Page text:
Let's get personal. In a prior life I was a school board trustee, from 1979 to 1985. Our small town New Jersey “district” was one 1,400 student regional high school serving two towns. I spent six years on that board.
As the only new member of that board I was immediately given the “honor” of chairman of the negotiations committee. That's right, 1400 students, 150 employees and five unions, the biggest being the teachers union with 110 members. This is that story.
We, our three person team and the teachers' two person negotiating teams, agreed to a one night a week meeting until each side had a contract draft to take back. The previous contract was 33 pages long. They never shrink. The first night was a doozy. I knew nothing and the teachers had a wish (demand) list a full page long.
I took the high road. They explained and I listened and took notes.
This story is about one of those issues: The teachers lounge.
The high school was two large two story buildings with a grassy area in between, otherwise known as the students smoking lounge. This was 1979 and our students could smoke if their parents gave written permission.. The smoking area was outside to protect the bathroom sinks which were destroyed when kids would sneak smokes in the johns.
So why is this a negotiating item?
Because the (students') smoking area (outdoors) overlooked the teachers lounge (indoors). And, the teachers lounge had no curtains or drapes on the windows. Now you get the picture. The students were forever gawking at the teachers who only wanted a little peace, quiet and privacy.
The teachers union reps asked for curtains. I took notes. The next day I took my notes to the district superintendent, “Doc.” I went down my list. When I got to the teachers lounge issue I asked Doc (every school superintendent has the same first name Doc, “Is it true that the smoking kids are looking in and the teachers lack privacy?” Doc answered, “Yes,” and I continued: “Then why don't they have curtains?” Doc answered: “Because we don't want to give the teachers anything without getting something in return.”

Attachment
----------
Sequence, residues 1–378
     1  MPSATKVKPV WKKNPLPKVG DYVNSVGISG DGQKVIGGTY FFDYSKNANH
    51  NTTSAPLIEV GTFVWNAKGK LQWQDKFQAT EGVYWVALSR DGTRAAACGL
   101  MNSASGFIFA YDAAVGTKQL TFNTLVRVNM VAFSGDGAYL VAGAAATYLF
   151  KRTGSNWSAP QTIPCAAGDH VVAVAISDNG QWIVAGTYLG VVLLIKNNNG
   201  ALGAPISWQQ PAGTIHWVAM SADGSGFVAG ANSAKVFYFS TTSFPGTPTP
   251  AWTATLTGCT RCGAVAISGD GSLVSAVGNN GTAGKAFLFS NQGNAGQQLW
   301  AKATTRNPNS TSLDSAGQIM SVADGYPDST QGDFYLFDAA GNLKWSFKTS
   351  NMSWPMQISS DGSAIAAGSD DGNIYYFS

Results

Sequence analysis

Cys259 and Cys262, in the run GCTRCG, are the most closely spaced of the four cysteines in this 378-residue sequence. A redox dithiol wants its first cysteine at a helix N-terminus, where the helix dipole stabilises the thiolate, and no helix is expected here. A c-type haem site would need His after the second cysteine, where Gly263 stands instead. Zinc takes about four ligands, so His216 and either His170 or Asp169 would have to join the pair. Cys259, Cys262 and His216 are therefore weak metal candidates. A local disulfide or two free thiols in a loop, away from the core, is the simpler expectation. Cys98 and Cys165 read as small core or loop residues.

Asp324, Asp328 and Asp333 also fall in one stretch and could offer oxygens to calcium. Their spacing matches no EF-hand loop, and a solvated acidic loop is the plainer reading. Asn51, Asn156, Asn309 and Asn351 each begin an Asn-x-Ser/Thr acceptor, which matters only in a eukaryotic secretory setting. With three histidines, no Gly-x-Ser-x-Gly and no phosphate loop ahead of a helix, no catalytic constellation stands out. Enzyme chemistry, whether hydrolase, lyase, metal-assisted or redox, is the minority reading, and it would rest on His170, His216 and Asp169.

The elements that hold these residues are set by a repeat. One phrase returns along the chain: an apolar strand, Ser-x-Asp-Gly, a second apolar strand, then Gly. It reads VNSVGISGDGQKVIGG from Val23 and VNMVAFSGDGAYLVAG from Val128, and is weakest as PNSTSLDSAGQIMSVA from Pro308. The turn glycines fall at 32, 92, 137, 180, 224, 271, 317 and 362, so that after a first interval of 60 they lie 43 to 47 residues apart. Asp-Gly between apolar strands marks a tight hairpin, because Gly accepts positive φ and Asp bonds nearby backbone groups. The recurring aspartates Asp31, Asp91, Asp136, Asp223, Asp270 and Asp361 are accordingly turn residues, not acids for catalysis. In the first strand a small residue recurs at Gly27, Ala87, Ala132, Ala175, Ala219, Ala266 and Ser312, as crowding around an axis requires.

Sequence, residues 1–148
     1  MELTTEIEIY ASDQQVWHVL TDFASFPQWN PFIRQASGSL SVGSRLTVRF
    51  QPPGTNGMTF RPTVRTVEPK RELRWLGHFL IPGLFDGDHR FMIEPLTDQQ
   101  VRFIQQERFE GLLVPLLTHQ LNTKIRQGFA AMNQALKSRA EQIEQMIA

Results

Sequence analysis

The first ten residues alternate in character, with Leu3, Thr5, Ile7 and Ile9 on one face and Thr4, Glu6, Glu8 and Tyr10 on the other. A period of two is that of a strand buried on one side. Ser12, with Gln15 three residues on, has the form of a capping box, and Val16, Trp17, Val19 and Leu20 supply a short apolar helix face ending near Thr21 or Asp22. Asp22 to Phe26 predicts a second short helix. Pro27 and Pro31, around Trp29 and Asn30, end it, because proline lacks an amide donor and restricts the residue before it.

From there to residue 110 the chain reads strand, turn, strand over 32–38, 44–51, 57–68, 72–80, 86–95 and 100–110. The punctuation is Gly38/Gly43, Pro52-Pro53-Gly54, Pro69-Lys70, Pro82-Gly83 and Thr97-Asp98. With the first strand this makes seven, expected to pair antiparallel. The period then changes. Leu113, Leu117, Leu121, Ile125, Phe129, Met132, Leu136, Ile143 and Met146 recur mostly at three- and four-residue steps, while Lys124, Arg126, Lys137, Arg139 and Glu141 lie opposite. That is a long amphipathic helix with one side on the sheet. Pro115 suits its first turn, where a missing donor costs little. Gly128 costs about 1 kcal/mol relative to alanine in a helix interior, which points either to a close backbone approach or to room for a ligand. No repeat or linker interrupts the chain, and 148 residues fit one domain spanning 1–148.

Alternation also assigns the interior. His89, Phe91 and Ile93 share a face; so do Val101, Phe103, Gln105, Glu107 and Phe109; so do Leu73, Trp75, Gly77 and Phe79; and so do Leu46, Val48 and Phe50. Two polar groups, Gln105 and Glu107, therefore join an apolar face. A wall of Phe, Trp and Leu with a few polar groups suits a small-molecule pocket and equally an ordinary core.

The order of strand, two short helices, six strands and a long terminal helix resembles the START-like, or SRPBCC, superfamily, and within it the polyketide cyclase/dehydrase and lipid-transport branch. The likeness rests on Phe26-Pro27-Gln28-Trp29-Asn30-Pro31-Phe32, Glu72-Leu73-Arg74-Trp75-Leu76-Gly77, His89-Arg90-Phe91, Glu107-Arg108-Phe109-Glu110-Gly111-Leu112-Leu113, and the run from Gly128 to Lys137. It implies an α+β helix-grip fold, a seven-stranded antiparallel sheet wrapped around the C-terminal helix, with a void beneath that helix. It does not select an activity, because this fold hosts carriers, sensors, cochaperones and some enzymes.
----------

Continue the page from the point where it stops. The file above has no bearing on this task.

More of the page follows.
I gave Doc my lecture on dignity and how those teachers were now my employees and that entitled them to be treated as adults, regardless of other issues that may exist. I then said: “Doc, you and I are now making a secret deal. You're going to get curtains put up in the teachers lounge. Let me know when they appear.”
You can guess the rest. About one month later (this is a government school) the curtains appeared. The teachers were euphoric. I was “the man.” I always said that those curtains cost the teachers hundreds of thousands of dollars.
But for them it was worth it. They got their dignity.
And why am I telling you all this? Meet Abe. Abraham Maslow was a Brooklyn born management psychologist. He wrote one of the most famous business articles ever: “The Hierarchy of Needs.”
Go read it. The essence is: People have a set of needs that are hierarchical, not equal. If you are not satisfying a base need it doesn't matter if you are solving a “higher” need.
Teachers who feel disrespected aren't very appreciative about a raise. Respect is a baser need. Maslow's insight created one of the most powerful political playbooks ever.
Nobody knows it – until now.
And citizens who fear for their lives don't care about your tax plan. Or gun control. Or global warming. Or deficits. Or trade agreements. Or the Dow. The 2016 presidential election is right out of Maslow. “Security” trumps (pun intended) everything.
And America is scared. The issue couldn't be clearer: Life or death. Donald Trump says no more Muslims until they can be properly vetted. Hillary say we want five times as many. It's a no-brainer Even some Democrats want to live. We all “get” Orlando, and Paris, and Brussels, and San Bernardino.
But isn't Hillary up a solid five points in the polls? Yes, but she never met Wayne. Wayne Gretzky was the greatest ice hockey player of his generation. When asked the secret of his success he replied: “They go to where the puck is. I go to where the puck will be.”
And where the puck is is plus five for Hillary on Independence Day. But by Election Day the plus five will have met more global terrorism, a national discussion on Hillary's “importing terrorism” immigration policies, a greater awareness of catch-and-release programs for felonious illegals, violent protests at Trump rallies, Mexican flag raisings and a global rebellion against the Western civilization ruling class.
Donald Trump will be the next president of the United States. He is the pro-life candidate. And we're not talking fetuses. He has four months to let the brilliance of Maslow and the insight of Gretzky come together for a landslide Election Day victory.
Donald Trump is not a man for all seasons. But he the man for this one.
Sid Dinerstein is a former chairman of the Palm Beach County Republican Party. He founded JBS Associates, a 600-person financial service company, and currently combines politics and business with Niger Innis in Inclusive Elections LLC, a firm that brings urban electorate voters to the GOP. He is the author of "Adults Only: For Those Who Love Their Country More Than Their Party." For more of his reports, Go Here Now.
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